Even in the Big Ten, where insurance coverage is robust, stuff happens. Jason Whitehead played football at The Ohio State University. He was badly injured during a practice and was airlifted to a hospital.
"The next day, when I woke up, the doctor came in and informed me that surgery went well, but this was a career-ending injury...It took a while to sink in."
Whitehead lost his scholorship one year after the injury. He also ended up with $1,800 in medical bills not covered by his father's insurance or by the school's. The school valued Jason as an athlete; as an ordinary student, well, he ended up pretty much on his own.
Rowing to Oblivion
As in workers comp, medical coverage for student athletes is complicated by factors that may or may not be directly related to the injury. Erin Knauer went out for the crew team as a freshman walk-on at Colgate University. She had a cold when she took a five kilometer workout test on rowing machines. On pace for the fastest time, she suddenly felt a shooting pain beginning in her back and reaching her toes.
She eventually was diagnosed with postviral myositis, a muscular inflammation that causes weakness and pain. Colgate officials determined that this was an illness, not an injury, so financial responsibility fell to Knauer. She tapped out her student health policy at $25,000, leaving her $55,000 in debt. She is currently working two jobs and paying down the bills at the rate of $250 a month.
There is little doubt that Knauer's illness was exacerbated, if not caused, by the strenuous workout. If this had been a work-related situation, comp would likely have picked up the entire tab (plus indemnity). But as a student athlete, Knauer has no guarantee of coverage. She wanted to row for the glory of Colgate. She ended up in serious pain and serious debt. Glorious it was not.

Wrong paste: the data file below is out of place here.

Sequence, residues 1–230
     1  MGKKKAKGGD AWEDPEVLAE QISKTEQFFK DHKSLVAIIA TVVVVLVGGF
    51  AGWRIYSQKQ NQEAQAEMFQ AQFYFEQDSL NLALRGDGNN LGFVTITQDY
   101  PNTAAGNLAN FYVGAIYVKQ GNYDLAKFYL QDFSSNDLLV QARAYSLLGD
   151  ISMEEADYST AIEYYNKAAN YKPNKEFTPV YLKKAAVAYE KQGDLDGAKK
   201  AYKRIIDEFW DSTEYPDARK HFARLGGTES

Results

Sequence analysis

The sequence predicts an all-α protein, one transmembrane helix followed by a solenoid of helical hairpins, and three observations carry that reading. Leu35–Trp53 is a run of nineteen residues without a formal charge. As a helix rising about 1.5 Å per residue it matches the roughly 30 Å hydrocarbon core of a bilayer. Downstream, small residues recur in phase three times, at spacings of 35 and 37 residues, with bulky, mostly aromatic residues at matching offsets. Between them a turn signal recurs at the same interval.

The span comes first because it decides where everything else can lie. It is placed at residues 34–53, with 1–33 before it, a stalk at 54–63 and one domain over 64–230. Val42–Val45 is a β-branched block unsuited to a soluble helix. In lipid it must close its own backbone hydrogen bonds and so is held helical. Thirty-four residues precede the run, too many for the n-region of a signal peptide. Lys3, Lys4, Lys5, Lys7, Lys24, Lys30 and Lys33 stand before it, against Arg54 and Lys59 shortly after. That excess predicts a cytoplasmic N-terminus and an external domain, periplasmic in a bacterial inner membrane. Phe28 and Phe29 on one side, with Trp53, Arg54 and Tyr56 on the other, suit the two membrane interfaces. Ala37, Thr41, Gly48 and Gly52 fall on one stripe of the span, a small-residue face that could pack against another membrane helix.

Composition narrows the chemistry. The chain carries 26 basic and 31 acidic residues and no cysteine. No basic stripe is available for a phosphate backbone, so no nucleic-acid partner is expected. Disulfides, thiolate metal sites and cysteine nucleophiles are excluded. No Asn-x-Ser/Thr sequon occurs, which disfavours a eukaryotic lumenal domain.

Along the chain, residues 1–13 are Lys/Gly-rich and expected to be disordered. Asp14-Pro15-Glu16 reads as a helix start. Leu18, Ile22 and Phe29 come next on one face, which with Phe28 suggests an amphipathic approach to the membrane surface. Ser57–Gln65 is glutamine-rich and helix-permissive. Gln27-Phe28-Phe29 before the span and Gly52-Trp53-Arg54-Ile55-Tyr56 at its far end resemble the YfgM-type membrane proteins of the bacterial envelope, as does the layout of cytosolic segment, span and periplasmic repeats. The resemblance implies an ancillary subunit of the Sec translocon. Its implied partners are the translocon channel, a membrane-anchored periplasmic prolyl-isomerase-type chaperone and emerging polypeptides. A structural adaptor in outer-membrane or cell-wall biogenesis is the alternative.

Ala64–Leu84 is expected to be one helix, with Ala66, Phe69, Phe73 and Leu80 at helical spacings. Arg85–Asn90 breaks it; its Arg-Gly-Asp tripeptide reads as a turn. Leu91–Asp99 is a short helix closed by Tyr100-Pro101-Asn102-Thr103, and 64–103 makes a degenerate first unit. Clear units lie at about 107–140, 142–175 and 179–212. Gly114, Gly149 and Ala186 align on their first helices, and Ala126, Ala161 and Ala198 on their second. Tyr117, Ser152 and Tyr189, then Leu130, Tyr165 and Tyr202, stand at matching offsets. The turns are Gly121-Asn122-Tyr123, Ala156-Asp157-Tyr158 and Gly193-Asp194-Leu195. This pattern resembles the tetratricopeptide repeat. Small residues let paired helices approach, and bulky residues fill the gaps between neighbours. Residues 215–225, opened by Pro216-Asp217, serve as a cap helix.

College athletics often involve a fundamental trade off: in return for playing sports, athletes benefit from a low-cost or virtually free education. That might be a pretty good deal, except when the sport results in a life-changing injury. As David Dranove, a professor at Northwestern's Kellogg School of Management, puts it: "It makes no more sense to tell the athletes, "You go buy your own health insurance," than it does to say, "You go buy your own plane tickets and uniform.'"
The rationale for mandatory insurance for athletes is similar to the rationale for workers comp. The schools benefit from the labors of their athletes. The least they can do is pay for any and all medical treatment required to make these athletes whole.
Injuries at the gym: compensability, incentives, and wellness
Roberto Ceniceros blogs about the New York appeals court ruling in Frank P. Torre v. Logic Technology, which awarded workers comp benefits to an employee for an injury sustained in the gym. Usually, injuries sustained in extracurricular activities aren't covered by workers comp, but there are exceptions, such as when injuries occur during "mandatory attendance" events or while an employee is on business travel (see our past posts: Mandatory fun: when recreational activities are compensable and When play becomes work, or the case of the traveling employee).
On first glance, a case like this might seem open and shut. The employee was on his own time at the gym - the injury did not appear to arise out of and in the course of employment. But on closer examination, the court apparently determined that gym participation was furthering the employer's interest for the networking potential. (Is gym the new golf?) When it is determined that an employer has derived significant business benefit from an activity - such as interacting with clients and prospects - then an activity may be compensable.
The courts also noted that the employer encouraged and sponsored this activity. In this case, the sponsorship entailed reimbursement for membership fees. One has to wonder what kind of chilling effect a ruling like this could have on wellness programs. Employers frequently incent employees by paying for or supplementing gym membership, exercise programs, and weight loss or smoking cessation programs. Some companies offer financial incentives for participating in wellness programs or disincentives such as increased cost for insurance for not participating.